Purple Color. Claret color.

Scientific American 39, 17.6.1848

For the Scientific American.

There are three ways of dyeing this beautiful color. 1st. By dyeing the woolen cloth or yarn a light red and blueing it on the top with indigo. 2, By dyeing it first red and then blueing it on the top with cudbear. 3 By dyeing it with logwood and the muriate of tin. The last plan is not only the cheapest but the richest for a full color, but the second plan is the best for a clear light color.

To dye this color, the goods must be pure white and perfectly clean. For five pounds of fine woolen cloth - such as merino twill - one pound of logwood liquor, one ounce of cream of tartar and one ounce of alum with half a wine glass of the muriate of tin, will answer. These ingredients are put into the kettle and when the liquor is boiling storngly, the goods are entered nicely loose and handled with great care and promptness so as to prevent spotting. When the goods are boiled three-fourths of an hour in this they will be found of a good color. The logwood liquor should be boiled and settled two days before it is used. In such light colors as purple, &c. it is best to give the stuffs two or more different dips.

This makes certainty of levelness in color, and cleanness and permanency beside. As the color is wanted to be darker more logwood liquor is added, but not when the goods are in the boiler. If wanted on the reddis shade, more muriate of tin is added. No person need be afraid of not dyeing a very good and cheap purple by following the above receipt, only beware of an iron kettle to dye it in.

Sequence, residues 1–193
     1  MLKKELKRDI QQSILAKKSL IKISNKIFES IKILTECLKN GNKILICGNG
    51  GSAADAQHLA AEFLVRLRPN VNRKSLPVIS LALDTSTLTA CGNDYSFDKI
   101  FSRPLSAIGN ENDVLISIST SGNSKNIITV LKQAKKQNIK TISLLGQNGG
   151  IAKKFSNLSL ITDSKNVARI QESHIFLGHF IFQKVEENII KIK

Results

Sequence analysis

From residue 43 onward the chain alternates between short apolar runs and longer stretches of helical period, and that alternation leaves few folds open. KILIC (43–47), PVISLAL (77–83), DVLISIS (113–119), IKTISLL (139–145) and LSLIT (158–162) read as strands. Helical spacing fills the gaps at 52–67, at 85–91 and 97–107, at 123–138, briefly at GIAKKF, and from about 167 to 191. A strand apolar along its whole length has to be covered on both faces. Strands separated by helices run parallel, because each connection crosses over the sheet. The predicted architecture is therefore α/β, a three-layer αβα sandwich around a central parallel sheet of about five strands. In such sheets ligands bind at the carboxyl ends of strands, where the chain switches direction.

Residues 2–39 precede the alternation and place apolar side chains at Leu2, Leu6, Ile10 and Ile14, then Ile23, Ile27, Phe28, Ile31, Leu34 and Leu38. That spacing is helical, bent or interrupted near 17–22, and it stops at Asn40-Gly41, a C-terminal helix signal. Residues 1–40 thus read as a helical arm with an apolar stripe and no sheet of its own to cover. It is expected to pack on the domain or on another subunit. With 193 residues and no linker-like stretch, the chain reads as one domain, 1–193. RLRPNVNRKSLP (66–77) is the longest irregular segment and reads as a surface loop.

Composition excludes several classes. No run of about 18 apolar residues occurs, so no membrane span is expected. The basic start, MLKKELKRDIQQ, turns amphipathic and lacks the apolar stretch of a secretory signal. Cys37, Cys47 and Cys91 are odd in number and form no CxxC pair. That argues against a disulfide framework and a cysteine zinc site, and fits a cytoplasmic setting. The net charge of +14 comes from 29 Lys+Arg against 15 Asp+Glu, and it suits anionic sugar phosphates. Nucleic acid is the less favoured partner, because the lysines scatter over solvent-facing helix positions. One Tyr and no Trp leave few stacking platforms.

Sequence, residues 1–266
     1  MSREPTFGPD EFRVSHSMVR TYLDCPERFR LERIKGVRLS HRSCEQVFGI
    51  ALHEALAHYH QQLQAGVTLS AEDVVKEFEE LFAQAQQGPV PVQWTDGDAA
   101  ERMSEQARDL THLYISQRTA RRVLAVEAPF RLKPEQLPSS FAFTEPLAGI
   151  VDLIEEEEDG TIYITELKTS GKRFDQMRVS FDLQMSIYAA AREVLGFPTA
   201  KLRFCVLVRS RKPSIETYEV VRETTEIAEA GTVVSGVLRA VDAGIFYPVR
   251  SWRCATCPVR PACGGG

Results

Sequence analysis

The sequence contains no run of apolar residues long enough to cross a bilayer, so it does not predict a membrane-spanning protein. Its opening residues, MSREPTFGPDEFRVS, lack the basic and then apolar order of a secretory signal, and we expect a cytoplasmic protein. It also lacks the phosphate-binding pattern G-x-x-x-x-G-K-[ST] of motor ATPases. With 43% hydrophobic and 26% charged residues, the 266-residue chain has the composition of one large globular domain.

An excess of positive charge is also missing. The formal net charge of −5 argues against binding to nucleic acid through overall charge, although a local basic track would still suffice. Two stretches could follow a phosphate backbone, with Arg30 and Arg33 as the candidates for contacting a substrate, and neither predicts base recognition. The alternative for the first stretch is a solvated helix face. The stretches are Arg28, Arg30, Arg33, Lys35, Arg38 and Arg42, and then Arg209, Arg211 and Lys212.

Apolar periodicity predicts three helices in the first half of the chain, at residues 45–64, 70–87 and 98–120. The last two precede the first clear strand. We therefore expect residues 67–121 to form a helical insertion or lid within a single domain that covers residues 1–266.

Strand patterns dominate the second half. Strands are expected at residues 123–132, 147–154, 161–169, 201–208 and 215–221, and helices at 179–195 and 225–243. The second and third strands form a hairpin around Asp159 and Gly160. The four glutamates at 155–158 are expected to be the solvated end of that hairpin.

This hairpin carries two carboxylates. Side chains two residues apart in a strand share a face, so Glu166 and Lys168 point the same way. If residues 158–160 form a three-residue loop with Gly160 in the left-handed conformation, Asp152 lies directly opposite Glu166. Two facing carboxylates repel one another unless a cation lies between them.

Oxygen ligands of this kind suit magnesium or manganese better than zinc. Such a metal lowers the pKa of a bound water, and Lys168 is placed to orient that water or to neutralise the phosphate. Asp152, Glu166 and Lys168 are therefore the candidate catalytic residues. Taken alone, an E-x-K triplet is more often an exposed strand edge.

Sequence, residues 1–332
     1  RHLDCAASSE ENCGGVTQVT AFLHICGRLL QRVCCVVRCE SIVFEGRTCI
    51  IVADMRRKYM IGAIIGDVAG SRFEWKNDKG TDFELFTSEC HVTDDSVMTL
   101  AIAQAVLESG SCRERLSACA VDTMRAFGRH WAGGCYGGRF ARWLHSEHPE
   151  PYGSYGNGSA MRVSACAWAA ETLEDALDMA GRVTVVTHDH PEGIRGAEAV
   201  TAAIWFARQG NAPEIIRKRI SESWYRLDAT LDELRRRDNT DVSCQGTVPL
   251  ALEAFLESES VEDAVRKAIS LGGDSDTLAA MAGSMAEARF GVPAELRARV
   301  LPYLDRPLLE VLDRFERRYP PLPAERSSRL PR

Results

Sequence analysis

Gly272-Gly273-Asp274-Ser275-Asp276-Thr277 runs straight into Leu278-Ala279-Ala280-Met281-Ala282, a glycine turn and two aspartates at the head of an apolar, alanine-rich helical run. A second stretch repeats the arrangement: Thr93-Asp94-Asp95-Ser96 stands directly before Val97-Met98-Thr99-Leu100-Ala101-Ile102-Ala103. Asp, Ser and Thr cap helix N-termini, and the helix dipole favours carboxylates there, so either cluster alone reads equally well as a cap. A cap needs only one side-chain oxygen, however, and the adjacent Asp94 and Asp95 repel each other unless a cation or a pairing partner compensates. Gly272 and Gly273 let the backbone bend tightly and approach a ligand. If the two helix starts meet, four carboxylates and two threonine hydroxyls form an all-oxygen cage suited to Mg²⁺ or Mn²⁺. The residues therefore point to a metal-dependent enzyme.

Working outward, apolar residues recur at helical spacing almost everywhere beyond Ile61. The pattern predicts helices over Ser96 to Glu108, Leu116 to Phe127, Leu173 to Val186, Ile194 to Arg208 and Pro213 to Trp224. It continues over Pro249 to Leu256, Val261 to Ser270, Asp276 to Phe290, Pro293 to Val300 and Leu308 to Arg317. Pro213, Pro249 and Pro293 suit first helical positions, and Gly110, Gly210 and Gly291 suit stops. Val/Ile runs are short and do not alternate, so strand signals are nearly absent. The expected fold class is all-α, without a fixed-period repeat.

Claret color.

This color is dyed exactly as the purple, only double or three times more stuff is employed to dye it, and the goods do not need to be pure white - an old garment grey or red, or yellow, can be made claret.

Claret can also be dyed with camwood - a plan which we prefer for woolen cloth, as it is much more permanent and stands the sun, as it is commonly termed, better. About 3 pounds of camwood is boiled along with about 10 pounds of cloth for about one hour, when the goods are taken out and the liquor of about half a pound of scalded sumac added and half a pound of the sulphate of iron. This is suffered to boil for a short time and the kettle skimmed of its froth, when the goods should be entered quickly and boiled for an hour. This is called saddening - or darkening. This makes an excellent claret, and if boiled afterwards in a kettle with clear fustic liquor, a good and clear brown is the result.

If hypernic, or peachwood, is put upon the top of a purple, a good maroon is the result. This is done by using considerable alum in the purple dye, and boiling the goods afterwards in the peachwood liquor. Two pounds of peachwood to ten of goods answers very well, but there is such a difference in dye stuffs and in the qualities of goods, that no dyer can be conscious of integrity, who says dogmatically such and such a weiht of dye stuffs will always dyes such a shade certain - but by these receipts and a little practice, any person can dye them correctly.

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